That your soup will come with bubbling or
almost bubbling cheese on top of toasted or grilled bread or croutons. The soup will have been made with white onions,
fried until they are a dark golden brown. To the onions, depending on the
recipe used may have been added vegetable, chicken or beef stock along with a
few herbs at the chef’s discretion. Added to the stock, in the Parisian manner,
will be white or red wine or Cognac and in the Lyonnais manner will be Madeira
wine or port. The soup is transferred to individual bowls, and on top will be added slices of grilled or toasted bread or croutons
covered in grated cheese.Just before serving,
the individual bowls are placed under the grill until the cheese melts. Then
by both sight and smell a mouthwatering soup will be put before you. Bon Appétit!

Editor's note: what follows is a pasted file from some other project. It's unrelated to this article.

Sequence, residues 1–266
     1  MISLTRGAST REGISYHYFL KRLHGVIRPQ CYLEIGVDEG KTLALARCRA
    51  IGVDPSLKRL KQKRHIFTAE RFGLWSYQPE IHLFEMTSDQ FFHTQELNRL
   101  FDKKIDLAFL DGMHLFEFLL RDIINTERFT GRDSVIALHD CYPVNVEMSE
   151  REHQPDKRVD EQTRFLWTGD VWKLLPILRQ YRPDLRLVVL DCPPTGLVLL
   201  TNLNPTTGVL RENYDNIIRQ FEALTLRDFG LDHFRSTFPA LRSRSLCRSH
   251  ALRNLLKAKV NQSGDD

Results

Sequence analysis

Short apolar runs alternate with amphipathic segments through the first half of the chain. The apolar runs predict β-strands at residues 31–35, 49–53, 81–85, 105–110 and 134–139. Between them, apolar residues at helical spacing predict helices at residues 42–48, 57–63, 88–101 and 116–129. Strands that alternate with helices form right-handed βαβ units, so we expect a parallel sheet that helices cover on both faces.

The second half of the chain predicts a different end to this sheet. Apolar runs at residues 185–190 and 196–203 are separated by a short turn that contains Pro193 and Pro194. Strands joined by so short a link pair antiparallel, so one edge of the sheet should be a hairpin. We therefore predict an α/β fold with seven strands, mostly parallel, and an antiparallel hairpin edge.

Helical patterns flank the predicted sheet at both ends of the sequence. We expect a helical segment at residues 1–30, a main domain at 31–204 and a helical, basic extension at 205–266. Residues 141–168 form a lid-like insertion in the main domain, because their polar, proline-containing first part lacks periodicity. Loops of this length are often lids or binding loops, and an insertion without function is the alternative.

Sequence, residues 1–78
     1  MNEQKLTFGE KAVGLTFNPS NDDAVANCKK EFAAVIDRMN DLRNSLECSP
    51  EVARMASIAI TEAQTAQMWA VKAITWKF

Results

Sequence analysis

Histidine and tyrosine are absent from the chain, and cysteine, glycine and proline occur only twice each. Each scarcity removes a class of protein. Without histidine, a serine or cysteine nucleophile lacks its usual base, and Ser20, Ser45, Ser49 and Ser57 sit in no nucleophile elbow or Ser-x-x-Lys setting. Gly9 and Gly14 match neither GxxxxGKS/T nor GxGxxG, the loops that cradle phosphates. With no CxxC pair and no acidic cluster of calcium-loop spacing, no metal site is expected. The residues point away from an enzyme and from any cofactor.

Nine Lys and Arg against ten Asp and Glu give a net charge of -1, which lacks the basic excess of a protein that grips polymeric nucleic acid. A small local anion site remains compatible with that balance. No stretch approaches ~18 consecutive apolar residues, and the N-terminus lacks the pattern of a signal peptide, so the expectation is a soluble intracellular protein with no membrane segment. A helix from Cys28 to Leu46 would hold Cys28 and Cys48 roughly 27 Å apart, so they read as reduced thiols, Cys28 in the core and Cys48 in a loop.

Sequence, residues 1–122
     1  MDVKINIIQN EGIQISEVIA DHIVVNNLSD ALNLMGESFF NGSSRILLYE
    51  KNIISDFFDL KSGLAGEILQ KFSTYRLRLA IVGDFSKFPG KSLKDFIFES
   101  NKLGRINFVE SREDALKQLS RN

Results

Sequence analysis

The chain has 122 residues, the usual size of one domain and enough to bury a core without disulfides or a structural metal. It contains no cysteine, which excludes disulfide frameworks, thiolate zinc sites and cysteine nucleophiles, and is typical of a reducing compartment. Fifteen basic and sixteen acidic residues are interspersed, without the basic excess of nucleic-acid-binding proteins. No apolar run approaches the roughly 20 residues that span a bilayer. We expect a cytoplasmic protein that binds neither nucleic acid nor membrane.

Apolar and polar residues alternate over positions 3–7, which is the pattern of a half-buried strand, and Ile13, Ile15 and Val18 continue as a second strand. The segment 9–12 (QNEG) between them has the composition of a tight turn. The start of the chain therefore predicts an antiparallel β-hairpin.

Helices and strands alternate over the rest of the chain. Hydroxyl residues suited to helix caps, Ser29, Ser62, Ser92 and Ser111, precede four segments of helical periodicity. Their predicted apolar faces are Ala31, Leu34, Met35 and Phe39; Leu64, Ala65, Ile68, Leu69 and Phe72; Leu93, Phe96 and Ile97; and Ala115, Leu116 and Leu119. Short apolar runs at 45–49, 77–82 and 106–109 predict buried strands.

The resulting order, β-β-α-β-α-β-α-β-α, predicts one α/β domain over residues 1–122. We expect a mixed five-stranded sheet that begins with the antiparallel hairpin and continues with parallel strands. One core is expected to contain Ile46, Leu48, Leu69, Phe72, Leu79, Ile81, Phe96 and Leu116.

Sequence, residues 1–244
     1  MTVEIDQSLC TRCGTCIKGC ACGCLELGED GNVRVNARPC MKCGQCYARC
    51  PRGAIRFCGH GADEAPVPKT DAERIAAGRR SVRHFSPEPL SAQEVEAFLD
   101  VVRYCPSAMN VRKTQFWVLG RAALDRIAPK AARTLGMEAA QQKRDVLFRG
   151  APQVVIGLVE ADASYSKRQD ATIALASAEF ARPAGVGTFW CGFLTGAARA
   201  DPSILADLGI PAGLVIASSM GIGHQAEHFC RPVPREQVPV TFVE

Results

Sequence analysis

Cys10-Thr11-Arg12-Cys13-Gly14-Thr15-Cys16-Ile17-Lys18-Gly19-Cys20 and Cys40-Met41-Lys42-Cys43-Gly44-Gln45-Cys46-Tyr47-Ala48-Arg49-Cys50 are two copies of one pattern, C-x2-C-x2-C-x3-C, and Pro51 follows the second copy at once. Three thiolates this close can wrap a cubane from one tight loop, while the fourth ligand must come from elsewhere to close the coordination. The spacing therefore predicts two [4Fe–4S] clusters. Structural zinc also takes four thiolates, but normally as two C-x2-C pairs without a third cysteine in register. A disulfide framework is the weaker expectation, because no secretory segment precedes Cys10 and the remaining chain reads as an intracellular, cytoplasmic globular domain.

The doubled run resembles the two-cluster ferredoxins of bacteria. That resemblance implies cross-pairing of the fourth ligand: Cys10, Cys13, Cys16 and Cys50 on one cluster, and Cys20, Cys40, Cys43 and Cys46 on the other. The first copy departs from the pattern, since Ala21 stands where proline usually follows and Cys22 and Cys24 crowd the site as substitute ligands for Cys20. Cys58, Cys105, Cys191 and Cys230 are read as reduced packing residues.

N.B. The term gratinée,
when used in connection with French onion soup, indicates that the soup has
grilled cheese on top. Most of the other French names without the word gratinée
will also have grilled cheese on top, but very occasionally, that is not the
case. Check what you are ordering.
the recipes for French onion soup.
The original and oldest printed French
recipe, along with a few purist chefs today, make onion soup without any stock;
that is in the original manner of the city of Lyon. Today’ chefs who do not use
stock include Raymond Blanc and Paul Bocuse. However, the majority of recipes that I have
seen from today’s French trained, celebrity chefs working outside of France do use
stock in the manner of Paris.Those chefs
include Daniel Boulud, Thomas Keller, Michel Roux Jr, Wolfgang Puck and Gordon
The grated cheese used in French onion
soup is also another ingredient that may be a source of arguments, though
French Gruyere is the cheese used most often. The other cheeses used include Comte AOP, French Emmenthal and Cantal AOP. In the UK and North America I have
enjoyed French onion soups where Cheddar was the cheese of choice.
NB French Gruyere cheese has holes, while
Swiss does not, or at least not large holes. French Gruyere is also slightly sweeter than
onion soup in not difficult to make, it just takes time.